the eye institute of west florida

Open-Angle Glaucoma

Open-Angle Glaucoma

In the front part of the eye, there is a watery fluid that keeps the eyeball firm and the vision clear. Under normal circumstances, this fluid constantly flows into and out of the eye in perfect balance. In open-angle glaucoma, the drainage system is blocked internally which causes the fluid to back up and the pressure inside the eye to rise. When the pressure gets too high it damages the delicate optic nerve which is responsible for carrying visual images to the brain. If the damage progresses, the eye will eventually go blind. Glaucoma is the second leading cause of blindness in America.

The first decision that has to be made in the treatment of open-angle glaucoma is whether to start therapy with a laser treatment or with eye drops. The advantage of laser surgery is that it can clean the internal blockage, restoring normal function to the natural outflow system for a period of time that could be years. If the patient decides on an eye drop first, and the drop is not successful in lowering the pressure to ideal levels, your doctor may recommend laser surgery before adding additional drops.

Laser Treatment

The eye will be anesthetized with drops before the procedure is started so there is minimal if any, discomfort to the patient. Most patients do not complain of pain during the procedure. Laser therapy usually takes less than 5 minutes to complete.

After Laser Therapy

Immediately following the procedure, you may receive drops in your eyes to help stabilize and comfort the eye. You should know that your eye may be slightly red, mildly irritated and the vision blurred for approximately 1 to 2 days following your treatment. The eye pressure can be somewhat unstable after laser therapy because of the surgery itself.

Schedule your Glaucoma Evaluation today 
Call (727) 581-8706 to schedule your appointment

Meet Your Glaucoma Care Specialists

Tampa Ophthalmologist Jeffrey S. Schwartz, MDJeffrey S. Schwartz, MD is the first full-time board-certified, fellowship-trained glaucoma specialist in Pinellas County. He has been with The Eye Institute since 1988. His practice is limited to diagnosis, treatment, laser therapy, and surgery of patients with glaucoma and other related diseases. Dr. Schwartz completed his residency at The University of South Florida and his glaucoma fellowship at the prestigious Jules Stein Eye Institute at UCLA. He is active in medical research and has made major contributions to the treatment and management of glaucoma. Dr. Schwartz is certified by the American Board of Ophthalmology, He serves as the medical consultant to pharmaceutical companies in the search for more effective glaucoma medications. Dr. Schwartz is on the Board of Directors and is the Medical Consultant for the Lighthouse of Pinellas and has served as the Medical Director for a number of health care plans.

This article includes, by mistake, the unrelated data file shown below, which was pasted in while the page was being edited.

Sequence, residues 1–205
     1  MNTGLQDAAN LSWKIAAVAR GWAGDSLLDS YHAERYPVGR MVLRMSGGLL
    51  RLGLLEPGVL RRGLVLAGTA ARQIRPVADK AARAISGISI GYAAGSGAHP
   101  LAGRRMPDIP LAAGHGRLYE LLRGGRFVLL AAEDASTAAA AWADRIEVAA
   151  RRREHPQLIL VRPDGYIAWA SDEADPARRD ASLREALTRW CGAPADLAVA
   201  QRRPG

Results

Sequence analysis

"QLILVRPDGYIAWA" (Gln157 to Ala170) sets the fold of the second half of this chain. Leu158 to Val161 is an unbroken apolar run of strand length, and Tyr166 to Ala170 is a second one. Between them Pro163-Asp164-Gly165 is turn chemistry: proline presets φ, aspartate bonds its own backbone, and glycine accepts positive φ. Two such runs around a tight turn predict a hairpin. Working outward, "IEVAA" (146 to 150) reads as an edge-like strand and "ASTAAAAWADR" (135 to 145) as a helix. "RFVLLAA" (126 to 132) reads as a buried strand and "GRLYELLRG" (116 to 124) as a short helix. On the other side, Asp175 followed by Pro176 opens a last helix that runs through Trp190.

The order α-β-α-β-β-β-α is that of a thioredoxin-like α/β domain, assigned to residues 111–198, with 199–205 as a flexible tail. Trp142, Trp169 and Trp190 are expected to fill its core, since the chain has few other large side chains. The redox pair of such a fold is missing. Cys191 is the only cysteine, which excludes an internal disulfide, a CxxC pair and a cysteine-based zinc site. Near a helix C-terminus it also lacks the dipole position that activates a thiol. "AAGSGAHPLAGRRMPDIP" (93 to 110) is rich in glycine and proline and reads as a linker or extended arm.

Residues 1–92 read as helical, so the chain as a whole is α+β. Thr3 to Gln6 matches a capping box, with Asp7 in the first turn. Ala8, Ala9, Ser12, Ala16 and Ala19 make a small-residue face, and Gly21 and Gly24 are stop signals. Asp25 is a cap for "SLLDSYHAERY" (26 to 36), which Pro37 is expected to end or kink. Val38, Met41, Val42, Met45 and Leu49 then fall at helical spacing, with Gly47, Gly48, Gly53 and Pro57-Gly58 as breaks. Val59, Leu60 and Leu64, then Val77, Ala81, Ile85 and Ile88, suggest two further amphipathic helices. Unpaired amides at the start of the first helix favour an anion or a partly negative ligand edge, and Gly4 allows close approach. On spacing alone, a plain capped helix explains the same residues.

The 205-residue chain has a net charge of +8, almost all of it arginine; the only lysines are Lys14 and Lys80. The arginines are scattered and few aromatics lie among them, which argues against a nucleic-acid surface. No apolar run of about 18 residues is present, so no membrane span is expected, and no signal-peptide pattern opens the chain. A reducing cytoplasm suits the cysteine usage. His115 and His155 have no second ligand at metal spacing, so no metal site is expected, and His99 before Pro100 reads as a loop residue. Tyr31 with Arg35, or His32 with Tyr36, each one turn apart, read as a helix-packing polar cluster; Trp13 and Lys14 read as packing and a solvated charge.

St Petersburg Ophthalmologist Sandra M. Johnson, MDSandra M Johnson, MD is a fellowship-trained specialist who has been on the faculty of several of the most renowned educational institutions in the United States; Dartmouth, University of North Carolina, and the University of Virginia. She joined The Eye Institute of West Florida after 20 years of experience in all aspects of glaucoma. She follows patients as their primary glaucoma caregiver as well as seeing patients as a consultant to other eye care professionals. She is skilled in the medical, laser and surgical management of the disease. While working as a clinician-educator, she wrote scientific papers and chapters and contributed to many eye meetings. Since 2006, she has cultivated an interest in international ophthalmology and served ORBIS, as a volunteer eye faculty in many foreign countries.

Ophthalmologist Siddarth Rathi, MDSiddarth Rathi, MD, MBA, is a nationally recognized glaucoma specialist and physician innovator. He is the former Director of Teleophthalmology and Assistant Professor of Ophthalmology at NYU Langone School of Medicine. Dr. Rathi completed his graduate medical studies at Boston University and M.B.A. at Harvard Business School. His residency was completed at the NYU Medical Center and Glaucoma Fellowship at the Bascom Palmer Eye Institute – a world-renowned Institution. While attending school, Dr. Rathi received various awards to his acclaim. He was awarded the American Glaucoma Society Mentoring for the Advancement of Physician-Scientists Grant Award. Over the course of his career, Dr. Rathi has published articles in peer-reviewed journals, secured grant funding, and presented at national and international conferences. Dr. Rathi’s interests include artificial intelligence in medicine, telemedicine, and big data analytics. He spends his free time with his family and enjoys traveling.

LASIK Self-Test Cataract Self-Test